THE NEW INTEL M-Series SSDs are already on sale a day or three early. The new versions, code named ‘Postville’ may look the same on the outside, but are much faster than their predecessors.
Thanks to a reader, we’ll just call him François, we have the following link to Materiel.net showing the two new ‘Postville’ drives. The exterior dimensions remain the same, but Moore’s law shows how semiconductor shrinks are going to drive capacity and speed in SSDs like they did with CPUs and RAM.
The new dynamic duo
The older MLC flash M-Series drives were rated at 210/70MBps for read/write. The faster E-Series used SLC flash to drive the read/write speeds up to 250/170, but you pay for it in capacity and price. The largest E was 64G, the smallest M was 80G, but the 64G E was almost double the price of the largest 160G M.
The new Postville drives are both rated at 250MBps write speed, but the 80G is upped to 90MBps write, the 160G hits 100. From our testing, Intel tends to be a bit conservative with these numbers, you are likely to get better speeds than they promise in the real world.
Postville parts have a 10€ price increase on Materiel.net, but we can’t say for sure how much of that is due to the ‘newness’ factor, and how much is due to higher bin parts. It is likely that the newer 34nm NAND flash Intel has been promising for a while now is the driver for the new parts. Some pretty fundamental limits on flash cycle times mean the performance gains will be more incremental while cost drops are more in line with the shrink.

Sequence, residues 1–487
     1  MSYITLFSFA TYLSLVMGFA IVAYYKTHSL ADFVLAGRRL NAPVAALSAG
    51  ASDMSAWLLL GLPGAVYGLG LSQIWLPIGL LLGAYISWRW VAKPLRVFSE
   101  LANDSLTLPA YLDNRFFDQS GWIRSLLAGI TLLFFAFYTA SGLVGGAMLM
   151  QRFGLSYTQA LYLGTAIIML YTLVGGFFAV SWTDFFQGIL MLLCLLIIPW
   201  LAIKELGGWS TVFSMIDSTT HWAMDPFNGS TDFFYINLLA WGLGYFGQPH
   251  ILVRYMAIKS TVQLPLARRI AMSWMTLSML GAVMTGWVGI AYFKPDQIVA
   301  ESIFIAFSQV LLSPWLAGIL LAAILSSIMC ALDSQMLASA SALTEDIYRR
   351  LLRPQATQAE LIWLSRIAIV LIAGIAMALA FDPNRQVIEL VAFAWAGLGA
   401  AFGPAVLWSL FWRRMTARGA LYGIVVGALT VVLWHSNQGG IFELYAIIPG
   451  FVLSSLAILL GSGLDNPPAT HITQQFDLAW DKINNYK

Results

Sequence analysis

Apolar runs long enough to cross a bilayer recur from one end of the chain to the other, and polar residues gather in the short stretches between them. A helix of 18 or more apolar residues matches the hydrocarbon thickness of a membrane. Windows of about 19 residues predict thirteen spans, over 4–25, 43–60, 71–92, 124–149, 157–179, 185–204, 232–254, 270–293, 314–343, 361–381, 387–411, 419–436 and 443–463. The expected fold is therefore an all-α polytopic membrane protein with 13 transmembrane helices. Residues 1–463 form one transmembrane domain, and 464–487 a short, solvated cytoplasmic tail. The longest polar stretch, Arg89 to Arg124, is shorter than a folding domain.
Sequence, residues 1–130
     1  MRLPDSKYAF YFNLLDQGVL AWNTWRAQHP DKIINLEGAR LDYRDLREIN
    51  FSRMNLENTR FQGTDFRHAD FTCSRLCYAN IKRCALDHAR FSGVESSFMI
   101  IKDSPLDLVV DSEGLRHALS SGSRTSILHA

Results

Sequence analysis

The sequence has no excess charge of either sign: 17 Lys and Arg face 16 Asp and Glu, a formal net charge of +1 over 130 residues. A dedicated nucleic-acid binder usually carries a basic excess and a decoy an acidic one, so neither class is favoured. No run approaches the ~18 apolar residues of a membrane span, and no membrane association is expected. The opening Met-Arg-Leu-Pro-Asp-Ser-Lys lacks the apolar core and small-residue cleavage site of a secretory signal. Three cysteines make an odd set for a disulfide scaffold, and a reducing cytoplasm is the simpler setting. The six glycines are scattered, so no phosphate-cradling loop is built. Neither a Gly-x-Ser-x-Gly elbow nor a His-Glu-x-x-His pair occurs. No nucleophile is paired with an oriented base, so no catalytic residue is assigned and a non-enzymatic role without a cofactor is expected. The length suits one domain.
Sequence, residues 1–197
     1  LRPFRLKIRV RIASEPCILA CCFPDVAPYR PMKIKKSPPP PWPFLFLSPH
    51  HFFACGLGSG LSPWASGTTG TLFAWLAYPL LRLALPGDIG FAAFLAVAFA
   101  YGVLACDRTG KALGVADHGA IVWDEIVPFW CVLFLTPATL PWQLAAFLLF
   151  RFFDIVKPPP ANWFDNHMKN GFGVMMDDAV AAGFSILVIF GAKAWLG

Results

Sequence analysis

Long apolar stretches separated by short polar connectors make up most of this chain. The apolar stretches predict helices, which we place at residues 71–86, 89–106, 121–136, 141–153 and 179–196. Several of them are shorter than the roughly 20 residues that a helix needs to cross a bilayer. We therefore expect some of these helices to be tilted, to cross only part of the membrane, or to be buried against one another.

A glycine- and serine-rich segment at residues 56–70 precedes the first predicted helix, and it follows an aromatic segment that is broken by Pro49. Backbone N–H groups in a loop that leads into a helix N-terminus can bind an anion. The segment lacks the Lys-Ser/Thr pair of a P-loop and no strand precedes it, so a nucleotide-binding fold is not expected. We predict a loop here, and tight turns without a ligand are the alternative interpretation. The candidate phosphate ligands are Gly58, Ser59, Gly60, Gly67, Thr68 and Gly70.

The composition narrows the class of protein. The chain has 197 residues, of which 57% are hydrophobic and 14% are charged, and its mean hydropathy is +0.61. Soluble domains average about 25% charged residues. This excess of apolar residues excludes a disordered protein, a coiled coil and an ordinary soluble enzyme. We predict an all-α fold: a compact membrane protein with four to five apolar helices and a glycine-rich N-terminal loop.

I would expect the new flash to allow Intel to drop prices substantially, the fact that they have not means that they are either waiting to clear out non-Postville inventory, or they don’t want to destroy the nascent SSD industry.
In any case, faster is always good, and a small price premium, likely to vanish in short order, is well worth the 10-20% higher speed. It will be interesting to see what happens when the 34nm SLC flash chips hit the market, a 128G E-Series with 300MBps reads and 200MBps writes seems like the ultimate performance notebook part.S|A
Latest posts by Charlie Demerjian (see all)
- Raja Koduri and Dr. Randhir Thakur out at Intel - Mar 21, 2023
- What does Intel’s Emerald Rapids bring to the fight - Mar 21, 2023
- A new ARM code name for a new market pops up - Mar 20, 2023
- A big ARM server project shut down in silence - Mar 14, 2023
- A bit more on AMD’s Genoa memory issues - Mar 13, 2023